Audrey’s Purple Dream to benefit cancer
By Nick Longworth
During a typical long Minnesota winter, many people can spend hours fishing in the same old spot, day after day, never leaving the same hole in the ice.
On Saturday, Feb. 8 the Audrey’s Purple Dream foundation is asking you to switch up your routine, for a great cause.
The 9th annual “our answer to cancer” fishing tournament and polar plunge will be held on 11th Crow Wing Lake in Akeley, providing food and entertainment while also supporting those suffering from cancer or in need.
Along with the contest and plunge, drawings will be held for numerous different prizes donated by local businesses, as well as, one final $900 grand prize.
“It’s a fundraiser for the fishing tournament and we also do a polar plunge, which we call the “Purple plunge.” If you buy a $2 button then your name gets entered into a drawing. We get donations from a bunch of area businesses and usually we have around 100 different prizes from businesses in Akeley, Walker, Nevis, Hackensack, Park Rapids and all the surrounding communities,” said Shannah Geimer, President of the board of directors for the Audrey’s Purple Dream foundation.
The Audrey’s Purple Dream foundation is a local cancer fund under the parent umbrella of the Walker Art Foundation. Through donations and fundraising events, the foundation re-distributes whatever wealth they accumulate back to those in the community suffering from cancer, or otherwise in need.
It all started with a dream Shannah’s mother, Audrey, had to travel to Alaska before her death.
“When (my mother) got cancer her dream was to take a trip to Alaska before she passed away. Her friend, Melissa Niblick, came up with the idea that we should have a fundraiser and a fishing tournament to get her to there. We had the very first fundraiser and raised almost $10,000. She unfortunately passed away before she was able to take the trip, but the money helped our family out so much with bills and everything. Before she passed away, she said it was a really cool event and it would be really great if we were able to do this for other people every year too,” Geimer said.
“After she passed away, some friends and family talked about it and began to decide how we would pick who to give the raised money to every year. We decided if we started a foundation, that we could put out an application and then different people could apply for funds; we could kind of spread the wealth,” Geimer said.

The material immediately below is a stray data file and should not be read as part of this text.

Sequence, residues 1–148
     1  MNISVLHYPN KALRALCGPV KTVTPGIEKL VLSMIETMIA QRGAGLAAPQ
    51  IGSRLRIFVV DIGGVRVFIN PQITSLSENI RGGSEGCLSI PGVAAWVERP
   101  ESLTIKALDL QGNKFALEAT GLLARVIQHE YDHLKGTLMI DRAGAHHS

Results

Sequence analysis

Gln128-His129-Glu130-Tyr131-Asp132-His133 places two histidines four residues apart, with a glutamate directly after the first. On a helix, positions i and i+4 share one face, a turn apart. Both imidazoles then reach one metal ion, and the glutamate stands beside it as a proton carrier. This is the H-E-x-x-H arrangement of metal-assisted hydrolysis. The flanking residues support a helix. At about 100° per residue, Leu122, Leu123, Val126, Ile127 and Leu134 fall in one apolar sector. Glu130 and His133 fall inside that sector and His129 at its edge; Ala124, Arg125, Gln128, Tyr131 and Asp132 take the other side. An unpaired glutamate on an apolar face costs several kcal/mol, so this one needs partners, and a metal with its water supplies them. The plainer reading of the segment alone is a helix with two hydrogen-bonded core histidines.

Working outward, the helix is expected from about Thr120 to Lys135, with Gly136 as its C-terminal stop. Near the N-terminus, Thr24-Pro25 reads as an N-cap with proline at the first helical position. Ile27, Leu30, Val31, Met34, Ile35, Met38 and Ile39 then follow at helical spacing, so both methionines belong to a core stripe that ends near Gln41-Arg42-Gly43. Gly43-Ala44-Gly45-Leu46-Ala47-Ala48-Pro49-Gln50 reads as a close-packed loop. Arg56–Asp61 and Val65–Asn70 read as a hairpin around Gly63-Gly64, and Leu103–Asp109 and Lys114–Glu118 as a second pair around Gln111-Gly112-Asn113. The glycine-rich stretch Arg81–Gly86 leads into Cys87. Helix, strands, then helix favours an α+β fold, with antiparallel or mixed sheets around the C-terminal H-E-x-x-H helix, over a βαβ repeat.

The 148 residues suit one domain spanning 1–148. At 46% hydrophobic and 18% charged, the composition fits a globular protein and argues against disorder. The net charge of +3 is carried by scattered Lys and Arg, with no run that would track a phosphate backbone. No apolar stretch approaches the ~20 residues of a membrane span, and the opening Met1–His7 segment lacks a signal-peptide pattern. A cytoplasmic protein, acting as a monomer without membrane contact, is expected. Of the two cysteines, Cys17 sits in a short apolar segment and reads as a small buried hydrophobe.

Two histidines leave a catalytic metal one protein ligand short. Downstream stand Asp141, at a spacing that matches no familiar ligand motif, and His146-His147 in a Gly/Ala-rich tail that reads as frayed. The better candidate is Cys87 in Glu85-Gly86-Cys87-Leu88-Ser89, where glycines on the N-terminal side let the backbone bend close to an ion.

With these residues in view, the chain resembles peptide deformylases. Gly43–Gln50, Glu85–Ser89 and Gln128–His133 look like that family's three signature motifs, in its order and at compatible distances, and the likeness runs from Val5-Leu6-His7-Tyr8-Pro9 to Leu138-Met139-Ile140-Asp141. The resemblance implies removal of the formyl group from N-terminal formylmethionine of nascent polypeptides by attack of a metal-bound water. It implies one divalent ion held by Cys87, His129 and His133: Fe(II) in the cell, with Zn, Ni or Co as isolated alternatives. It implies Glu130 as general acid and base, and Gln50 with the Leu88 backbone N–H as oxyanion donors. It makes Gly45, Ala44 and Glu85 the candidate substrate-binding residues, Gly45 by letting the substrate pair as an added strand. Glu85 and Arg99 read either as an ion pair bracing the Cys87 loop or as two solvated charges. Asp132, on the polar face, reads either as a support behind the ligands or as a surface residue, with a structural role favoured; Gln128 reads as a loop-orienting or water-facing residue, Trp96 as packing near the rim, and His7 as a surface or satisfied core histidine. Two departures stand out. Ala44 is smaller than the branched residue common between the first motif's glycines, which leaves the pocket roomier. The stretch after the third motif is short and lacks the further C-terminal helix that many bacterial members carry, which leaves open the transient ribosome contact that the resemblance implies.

“Now people apply to us all the time. We give out as much money as we can to each person. We never know how many applications we are going to get, so we try to kind of spread the wealth so that we have enough money that we can give something to each application.”
Each application, which can be printed off of the foundation’s website, is individually reviewed by the Audrey’s Purple Dream foundation board of directors for careful consideration, ultimately determining the amount of support needed.
“All of the money goes to local people who are battling cancer. They can fill out an application and say if they have any last dream, or if they want to make some sort of last trip to see family. It’s kind of like the “make a dream” foundation, but on a much smaller scale. They can tell us what their situation is and then the board of directors reviews all applications and we decide on what our funds are and how much money we are able to give. We look at each situation and vote to disperse the funds to the people,” Geimer said.
The Audrey’s Purple Dream foundation does a motorcycle fun run the last Saturday in July and also a couple of others smaller-sized events around the Akeley community. All of the proceeds from the events go directly to those suffering from cancer and to those in need.
“Every fundraiser that we do, all of that money goes into the fund (for people) except for our expenses for advertising; all of the money goes to the actual people there. (The fishing tournament and polar plunge) is the biggest fundraiser of the year that we do,” Geimer said.
The fishing tournament prize will be 80 percent of what’s collected, up to $1,000. Geimer said $1,000 is typically the prize and it’s for the third largest fish caught. Usually there are also about 20 different prizes that get donated to us as well,” Geimer said.
Basic food offerings will be made available during the tournament and plunge including hot dogs, chili dogs, pop, water, coffee and chips. Later that night a more full-course offering will be available at the Akeley VFW, where the raffle will also be held.
“They don’t have a kitchen out on the ice, so at the VFW there will be a hot beef or hot turkey sandwich with mashed potatoes and gravy and desserts offered. It’s usually around six or seven dollars a plate and one or two of those dollars gets donated to the foundation as well,” Geimer said.
Overall Geimer sees great merit in the foundation she helped create. She hopes it will only continue to become more and more popular.
“Everything supports a great cause. I think everybody has been touched by cancer in some way, shape or form. All the money you see stays local. We’re not the American Cancer Society and we’re not spending money on all the administrative costs that they have. The money stays in the community. It’s a really feel-good cause and people really like to support us, so it gets better every year,” Geimer said.
For up-to-date information, Geimer recommends checking the foundation’s website, www.audreyspurpledream.com, the days leading up to the event for accurate prize information.